Dr. Wilkes also suggests that owners check about rabies vaccinations for their horses. There were no cases of rabies in Virginia horses last year but four each in 2012 and 2013.

Rabies vaccines are also very effective and vaccinating horses annually can prevent rabies in both horses and humans. In addition to taking measures to decrease the likelihood that horses will be exposed to rabies, routine rabies vaccination is a very important aspect of disease prevention.

All three of these diseases–EEE, WNV and rabies--cause neurologic signs in horses, such as staggering, circling, depression, loss of appetite and sometimes fever and blindness. The diseases can kill anywhere from 30 percent (WNV) to 90 percent (EEE) to 100 percent (rabies) of the horses infected.  There is no proven cure for these diseases, but veterinarians can provide supportive therapy to treat symptoms of EEE and WNV and keep horses from injuring themselves. Rabies is always fatal. Humans can become infected with rabies by handling a rabid horse but cannot become infected with EEE or WNV by handling an infected horse, nor can a horse acquire the virus from another infected horse. The presence of an infected horse in the area indicates that mosquitoes carrying EEE or WNV are present, however, and those insects pose a threat to both humans and horses.      

For more information on WNV or EEE, contact the Office of Veterinary Services, Division of Animal Industry Services, VDACS, at 804.786.2483 or see vdacs.virginia.gov/animals/diseases.shtml. Information about rabies and rabies exposures can be found on the Virginia Department of Health’s Rabies Control page at vdh.virginia.gov/Epidemiology/DEE/Rabies/. Horse owners should contact their veterinarians for further advice on prevention, diagnosis and treatment.

Posted May 12, 2015

Is the Jockey Really an Athlete?

The still-fresh images of American Pharoah’s victorious jockey Victor Espinoza standing in his irons, fist in the air, cruising past the stands of cheering spectators, legs bobbling to absorb the shock of each footfall, provide a perfect segue into this article by Betsy Parker.

jockey athleteA jockey isn't really an athlete, After all, the horse does all the work, right?  /  David Chapman photo

Overheard railside at the Foxfield Races near Charlottesville: One pastel-clad college kid to the next as they rummage for beer in their cooler before noon on Saturday: “Jockeys aren't really athletes. They just sit in the saddle for a few minutes. I could do that!”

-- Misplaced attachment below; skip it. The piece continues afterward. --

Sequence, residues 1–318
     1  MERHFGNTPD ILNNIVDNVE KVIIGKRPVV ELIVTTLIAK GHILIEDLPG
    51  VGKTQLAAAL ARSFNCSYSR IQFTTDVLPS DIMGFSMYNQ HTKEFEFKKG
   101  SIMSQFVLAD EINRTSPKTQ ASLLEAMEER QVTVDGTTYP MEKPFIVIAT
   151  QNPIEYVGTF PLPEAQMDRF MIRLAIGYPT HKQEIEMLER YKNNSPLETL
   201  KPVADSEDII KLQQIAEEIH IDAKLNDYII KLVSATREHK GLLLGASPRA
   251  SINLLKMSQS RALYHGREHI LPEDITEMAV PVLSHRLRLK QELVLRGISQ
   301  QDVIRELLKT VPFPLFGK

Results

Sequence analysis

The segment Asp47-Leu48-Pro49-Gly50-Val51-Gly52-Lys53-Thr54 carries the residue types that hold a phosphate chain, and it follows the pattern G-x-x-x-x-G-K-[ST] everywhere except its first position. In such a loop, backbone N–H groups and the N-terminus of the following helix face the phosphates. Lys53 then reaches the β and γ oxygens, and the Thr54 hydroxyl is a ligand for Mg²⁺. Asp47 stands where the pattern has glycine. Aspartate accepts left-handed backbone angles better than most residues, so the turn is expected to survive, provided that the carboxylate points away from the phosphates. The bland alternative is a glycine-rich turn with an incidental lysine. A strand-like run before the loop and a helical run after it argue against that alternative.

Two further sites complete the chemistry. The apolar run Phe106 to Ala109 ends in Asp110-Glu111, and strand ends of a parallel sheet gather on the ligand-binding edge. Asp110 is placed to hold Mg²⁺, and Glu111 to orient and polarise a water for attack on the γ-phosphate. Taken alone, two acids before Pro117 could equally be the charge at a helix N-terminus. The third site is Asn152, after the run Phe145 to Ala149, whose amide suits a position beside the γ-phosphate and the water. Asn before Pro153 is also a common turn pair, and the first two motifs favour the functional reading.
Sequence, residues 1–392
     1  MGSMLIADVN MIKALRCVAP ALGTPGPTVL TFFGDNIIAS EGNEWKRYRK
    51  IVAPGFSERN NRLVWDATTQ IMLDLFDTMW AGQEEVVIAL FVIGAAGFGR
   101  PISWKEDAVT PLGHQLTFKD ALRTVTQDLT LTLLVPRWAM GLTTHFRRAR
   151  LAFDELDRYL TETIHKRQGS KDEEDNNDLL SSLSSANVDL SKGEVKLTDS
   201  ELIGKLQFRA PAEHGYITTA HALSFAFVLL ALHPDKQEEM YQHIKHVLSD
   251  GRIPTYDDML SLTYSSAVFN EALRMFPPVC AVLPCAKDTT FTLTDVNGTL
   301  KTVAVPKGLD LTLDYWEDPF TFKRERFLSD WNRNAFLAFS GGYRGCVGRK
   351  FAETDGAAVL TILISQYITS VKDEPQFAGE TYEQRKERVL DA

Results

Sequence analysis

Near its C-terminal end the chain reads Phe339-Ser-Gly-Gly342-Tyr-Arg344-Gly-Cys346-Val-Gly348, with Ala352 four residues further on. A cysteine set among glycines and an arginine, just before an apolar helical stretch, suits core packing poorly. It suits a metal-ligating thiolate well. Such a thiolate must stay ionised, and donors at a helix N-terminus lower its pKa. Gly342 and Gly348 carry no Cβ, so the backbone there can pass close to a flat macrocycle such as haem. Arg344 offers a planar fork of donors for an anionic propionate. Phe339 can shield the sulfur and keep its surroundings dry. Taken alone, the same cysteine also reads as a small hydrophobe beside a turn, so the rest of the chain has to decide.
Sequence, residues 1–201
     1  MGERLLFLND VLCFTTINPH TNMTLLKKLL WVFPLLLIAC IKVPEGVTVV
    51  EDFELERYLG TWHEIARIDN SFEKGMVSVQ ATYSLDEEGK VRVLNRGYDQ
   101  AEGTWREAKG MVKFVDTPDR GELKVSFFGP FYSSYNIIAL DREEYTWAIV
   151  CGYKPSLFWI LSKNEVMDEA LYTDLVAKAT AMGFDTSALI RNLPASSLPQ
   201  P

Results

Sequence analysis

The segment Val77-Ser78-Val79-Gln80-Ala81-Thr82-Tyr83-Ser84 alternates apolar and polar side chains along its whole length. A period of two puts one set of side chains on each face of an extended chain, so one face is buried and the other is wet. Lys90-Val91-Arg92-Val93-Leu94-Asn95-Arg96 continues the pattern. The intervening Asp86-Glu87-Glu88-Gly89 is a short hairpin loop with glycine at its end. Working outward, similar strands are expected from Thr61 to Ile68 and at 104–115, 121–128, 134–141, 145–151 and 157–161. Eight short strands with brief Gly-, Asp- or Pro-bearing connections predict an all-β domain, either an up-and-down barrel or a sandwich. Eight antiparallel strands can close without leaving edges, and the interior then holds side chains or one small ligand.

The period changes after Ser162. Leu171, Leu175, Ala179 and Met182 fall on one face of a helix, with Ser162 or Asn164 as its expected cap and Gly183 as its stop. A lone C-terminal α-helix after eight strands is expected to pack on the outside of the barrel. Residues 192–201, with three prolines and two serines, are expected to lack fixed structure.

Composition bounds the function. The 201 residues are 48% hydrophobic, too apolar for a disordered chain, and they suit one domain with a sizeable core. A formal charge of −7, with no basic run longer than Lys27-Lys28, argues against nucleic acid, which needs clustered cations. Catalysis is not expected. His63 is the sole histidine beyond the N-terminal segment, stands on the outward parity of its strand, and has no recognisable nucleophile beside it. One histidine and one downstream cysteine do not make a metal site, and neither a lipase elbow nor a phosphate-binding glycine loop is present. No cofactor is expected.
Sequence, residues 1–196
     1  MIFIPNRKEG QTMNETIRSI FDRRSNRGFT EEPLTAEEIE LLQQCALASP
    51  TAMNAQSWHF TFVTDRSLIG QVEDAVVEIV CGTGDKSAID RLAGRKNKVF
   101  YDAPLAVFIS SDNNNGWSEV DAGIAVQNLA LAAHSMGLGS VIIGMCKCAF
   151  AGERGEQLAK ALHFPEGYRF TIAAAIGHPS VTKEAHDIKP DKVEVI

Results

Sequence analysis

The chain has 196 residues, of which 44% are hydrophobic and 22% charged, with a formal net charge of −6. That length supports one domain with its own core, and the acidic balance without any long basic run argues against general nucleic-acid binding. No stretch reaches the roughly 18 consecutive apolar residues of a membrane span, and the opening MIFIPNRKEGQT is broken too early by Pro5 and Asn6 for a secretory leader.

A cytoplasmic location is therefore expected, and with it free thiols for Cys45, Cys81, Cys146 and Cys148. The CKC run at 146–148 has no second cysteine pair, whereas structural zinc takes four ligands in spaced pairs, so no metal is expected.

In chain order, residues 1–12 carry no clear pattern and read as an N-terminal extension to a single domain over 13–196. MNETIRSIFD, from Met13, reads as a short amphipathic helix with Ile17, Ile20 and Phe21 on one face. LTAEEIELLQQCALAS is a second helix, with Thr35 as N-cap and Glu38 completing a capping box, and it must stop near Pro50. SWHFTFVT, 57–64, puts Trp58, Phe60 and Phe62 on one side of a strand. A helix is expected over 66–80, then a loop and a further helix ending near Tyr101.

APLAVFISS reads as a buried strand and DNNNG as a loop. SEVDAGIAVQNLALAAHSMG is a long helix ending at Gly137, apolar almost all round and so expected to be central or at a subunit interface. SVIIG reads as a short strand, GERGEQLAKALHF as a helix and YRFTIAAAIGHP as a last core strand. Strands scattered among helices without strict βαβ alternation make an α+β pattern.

I almost fainted. Here the most provocative lede of the decade just dropped in my lap, and I couldn't get to the jock's room fast enough to dangle the mother of all conversation-starters like a tenderloin in front of a pack of hungry dogs. Hustling up the hill, I tried the assertion on jockeys Gerard Galligan and Brendan Brooks. They laughed.

“Anyone who'd say that has never ridden a race,” Galligan sniffed.

“Anyone who'd say that has never ridden a horse!” Brooks countered. “There's so much more to racing than 'riding.'”

As the Irishmen trailed off to walk the Barracks Road course, I jotted some interview questions. There was more to the story than laughing at a schoolboy's boast. It's not only athletic endeavor that drives competitiveness, as I'd soon find out. It's part will to win, part boldness. Part athletic concentration, part love of sport. It's a certain level of excitement tempered by highly-honed mental agility.

A 1980s University of North Carolina study measured that pound-for-pound, jockeys are the strongest, quickest, most agile and most hardcore athletes on the planet. Had the researchers studied jump jockeys, they'd've doubled it.

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Chapman's Mariah Is Virginia Field Hunter Champion

vfhc1.loresMariah was "a great mover" with "perfect manners." / Richard Clay photo

by Betsy Burke Parker

Farmington Hunt rider Carolyn Chapman and her paint-cross mare Mariah claimed the coveted title of Virginia Field Hunter Champion on Sunday, October 25, 2015. In victory, she bested seventeen competitors, the best of the best, according to organizers, sent by ten of Virginia's marquis foxhunting clubs.

The Virginia Championship is widely considered the most competitive of a handful of hunter trial events offered around the nation each fall. The event was hosted at Old Whitewood Farm by the Orange County Hounds. Last year's winner from Orange County, Neil Morris, MFH, said he began organizing this year’s competition soon after his victory in October of last year.

Chapman partnered her black and white eight-year-old to earn the nod from the judges after three phases. “We both picked her out as a contender in the hack phase,” said judge Norman Fine, editor of the online magazine, Foxhunting Life. Co-judge Tommy Lee Jones, huntsman of Fauquier's Casanova Hunt, agreed. “She stood out. Great mover, perfect manners.”